Robert Weathersby of Rankin County, MS

Researched and Written by Linda Durr Rudd

Robert Weathersby, ex-slave, lives a few miles from Braxton Mississippi in Rankin County. He was born about the year 1847, was owned during slavery time by a Mr. Weathersby of Rankin County. He is about six feet and one or two inches in height, and weighs around one hundred and sixty five pounds. His hair is gray and neatly cut and his general coloring is what the colored people call a ginger cake brown. He is in very poor health but yet able to be up and to go around his place.
(Federal Writer's Project - Slave Narratives)

Read Robert's complete slave narrative.


1870 Federal Census - Simpson County, Westville, Mississippi, Page 315
Weathersby, Jack, 50, farmer
CHANEY E., 60, keeping house
Frank, 16 (1854)
Harriet, 3 (1867)
Daniel, 1 (1869)
"My ma was raised by her ole Marse Norwood what lived close to Marse Weathersby, an' when pa an' ma fell in love wid one another an' was a wanting to git married. Den pa's master bought or traded an' got ma an' dey married an' lived deir till de surrender in '65"

1880 Federal Census - Simpson County, Beat 3, Mississippi, Page 220
Weathersby, Jack, head, 65
Chaney, wife, 55
Laura, daughter, 19
ROBERT, son, 17
Esther, daughter, 13

Robert Weathersby m. Eliza Lee December 27, 1888 in Simpson County, Mississippi. Book 2, Page 338.
"I married in 1888 an' jes' raised one chile an' he had a heap mo' vantages dey I had."

1900 Federal Census - Rankin County, Beat 5, Mississippi, Page 243
Weathersby, Robert, 37, May 1863, married 11 years
Elizer, wife, 33, February 1867, 2 births/2 living
Allie or Sallie, daughter, 11, August 1888
Cleveland, son, 10, August 1889
Morris, Alice, lodger, 31 September 1869, 2 births/2 living

1910 Federal Census - Rankin County, Cato, Mississippi, Page 262
Weathersby, Robert, head, 49, married once, married 20 years
Liza, wife, 38, married once, 2 births/2 living

1920 Federal Census - Rankin County, Clear Water, Mississippi - Roll 893, Page 184
Weathersby, R. B., head, 60
Liza, wife, 56
Purvis, ?, none, Male, B, 7

1930 Federal Census - Rankin County, Mississippi
Rob, head, 69
Lizer, wife, 65

Robert referred to the slave owners using only their surnames. Robert reported that his parents were raised by their slave owners. His parents were born as early as 1810, therefore, I surmised which Norwood/Weathersby were their owners by who owned slaves from 1810 through 1840. Slave owners John Norwood and Isom Weathersby had sons who owned slaves in neighboring counties of Copiah, Covington, Lawrence, Rankin, and Simpson. It is also possible that one of these sons could be the owners of Jack and Chaney.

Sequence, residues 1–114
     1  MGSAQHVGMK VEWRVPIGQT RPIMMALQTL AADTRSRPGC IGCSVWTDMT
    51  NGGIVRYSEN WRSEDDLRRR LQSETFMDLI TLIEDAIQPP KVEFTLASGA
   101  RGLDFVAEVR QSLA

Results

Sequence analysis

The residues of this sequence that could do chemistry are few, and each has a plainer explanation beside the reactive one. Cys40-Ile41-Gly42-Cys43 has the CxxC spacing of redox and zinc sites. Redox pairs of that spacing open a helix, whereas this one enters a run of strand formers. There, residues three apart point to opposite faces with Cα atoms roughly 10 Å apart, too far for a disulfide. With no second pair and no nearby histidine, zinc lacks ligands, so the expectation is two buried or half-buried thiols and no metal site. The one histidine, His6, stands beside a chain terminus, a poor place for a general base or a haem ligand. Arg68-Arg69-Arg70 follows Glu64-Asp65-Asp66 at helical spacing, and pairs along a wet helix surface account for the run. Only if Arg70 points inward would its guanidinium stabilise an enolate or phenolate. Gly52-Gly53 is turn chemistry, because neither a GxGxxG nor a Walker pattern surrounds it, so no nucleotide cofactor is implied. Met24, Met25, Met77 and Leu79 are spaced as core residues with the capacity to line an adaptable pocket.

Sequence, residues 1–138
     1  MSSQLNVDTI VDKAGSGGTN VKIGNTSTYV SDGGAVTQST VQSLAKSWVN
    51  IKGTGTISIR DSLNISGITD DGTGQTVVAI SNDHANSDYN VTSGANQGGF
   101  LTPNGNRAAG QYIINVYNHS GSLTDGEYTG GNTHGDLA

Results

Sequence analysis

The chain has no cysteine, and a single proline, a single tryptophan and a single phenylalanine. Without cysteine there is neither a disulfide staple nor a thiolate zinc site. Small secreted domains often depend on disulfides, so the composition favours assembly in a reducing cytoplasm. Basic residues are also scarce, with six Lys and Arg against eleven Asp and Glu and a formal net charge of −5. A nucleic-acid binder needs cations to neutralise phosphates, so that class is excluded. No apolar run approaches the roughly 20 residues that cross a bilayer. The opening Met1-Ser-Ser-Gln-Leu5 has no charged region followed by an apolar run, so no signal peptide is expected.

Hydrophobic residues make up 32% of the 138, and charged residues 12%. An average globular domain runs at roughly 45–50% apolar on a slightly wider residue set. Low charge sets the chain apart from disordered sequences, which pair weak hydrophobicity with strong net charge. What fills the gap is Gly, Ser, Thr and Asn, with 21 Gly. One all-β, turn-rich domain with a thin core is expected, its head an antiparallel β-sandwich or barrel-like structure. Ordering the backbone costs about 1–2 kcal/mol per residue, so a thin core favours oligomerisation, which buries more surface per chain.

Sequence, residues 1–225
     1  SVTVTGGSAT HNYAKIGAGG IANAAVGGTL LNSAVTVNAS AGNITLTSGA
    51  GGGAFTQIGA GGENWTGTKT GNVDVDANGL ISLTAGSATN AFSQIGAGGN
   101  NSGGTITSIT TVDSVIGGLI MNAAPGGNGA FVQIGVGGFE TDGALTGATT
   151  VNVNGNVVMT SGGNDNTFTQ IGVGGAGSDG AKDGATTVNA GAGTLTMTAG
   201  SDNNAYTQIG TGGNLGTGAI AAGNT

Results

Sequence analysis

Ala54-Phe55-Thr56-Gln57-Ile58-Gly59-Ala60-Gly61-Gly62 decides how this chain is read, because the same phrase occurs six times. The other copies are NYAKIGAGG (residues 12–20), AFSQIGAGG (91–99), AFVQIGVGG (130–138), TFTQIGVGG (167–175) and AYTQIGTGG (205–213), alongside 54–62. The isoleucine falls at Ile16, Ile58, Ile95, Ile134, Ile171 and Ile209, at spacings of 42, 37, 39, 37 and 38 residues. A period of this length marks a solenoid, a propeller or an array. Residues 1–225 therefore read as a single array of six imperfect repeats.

John Norwood of Darlington, South Carolina moved to Mississippi about 1812 to what was to become Simpson County. Before leaving South Carolina, John married Catherine Powell. Their first children were born in South Carolina. Their move to Mississippi was made by horse and ox-drawn wagons.
(The Norwood Family, Compiled by John and Carroll Bolton, 1999, page 42.)

John and Catherine were among the prosperous families of Simpson County. On the 1850 Simpson County slave schedule, John owned 26 slaves. On the 1860 Simpson County federal census and the 1860 slave schedule, John owned 33 slaves, six slave houses, real estate valued at $8000, and personal property was valued at $36,000.

The Norwood family attended the Mount Zion Baptist Church in Simpson County. John and Catherine were charter members.

John Norwood died in 1862. His will was written in 1858. One of his bequests was as follows: "Second: I give and bequeath to Catherine Norwood, my daughter, my negro woman - CHANEY and her six children viz: PHILLIS, JUDY, FRANK, HARRIET, DICY, and FANNY and their natural increase.
(Simpson County Wills, Book A, Page 16, microfilm number 5380, Mississippi Department of Archives and History.)

Isom/Isham Weathersby was born March 12, 1780 in Bladen County, North Carolina. He was the eight child of Cade Weathersbee. He married Sarah Thomas when he was 17 years of age. He inherited 100 acres of land and a negro boy named JACK, from his father who died in 1793. They set up housekeeping in Bladen County where their first nine children were born. Isom Weathersby along with brothers and other kinsmen probably left Bladen County, North Carolina, traveling to Mississippi, about 1814 or earlier.
(Weathersby Family 1700 -1955, p. 12, 50, MS Dept. of Archives and History)

Isom was a successful planter and added to his land holdings through purchase and land grants. Isom was one of the earliest settlers of Lawrence County, MS, which was formed in 1814. Tradition says that his wagon train was composed of Magees, Slaters, Weathersbys, and others. The Weathersbys settled on Silver Creek and built a spacious home where they reared 13 sons and daughters to adulthood. They were members of the Old Hebron Baptist Church.
(Weathersby Family 1700 - 1955, MS Dept. of Archives and History p. 12 - 14)


1850 Simpson County Slave Schedule
1860 Simpson County Slave Schedules
1870 Simpson County Federal Census
1880 Simpson County Federal Census
1900 Rankin County Federal Census
1910 Rankin County Federal Census
1920 Rankin County Federal Census
1930 Rankin County Federal Census
Slave Narrative of Robert Weathersby
Simpson County Marriage Records - Weathersby, Microfilm Number: 4950
Simpson County Wills - John Norwood, Microfilm Number: 5380
"The Norwood Family, Compiled by John and Carroll Bolton, 1999"
"Weathersby Family, 1900 - 1955"
Microfilms and books are found at the Mississippi Department of Archives and History.

Remembering Their Names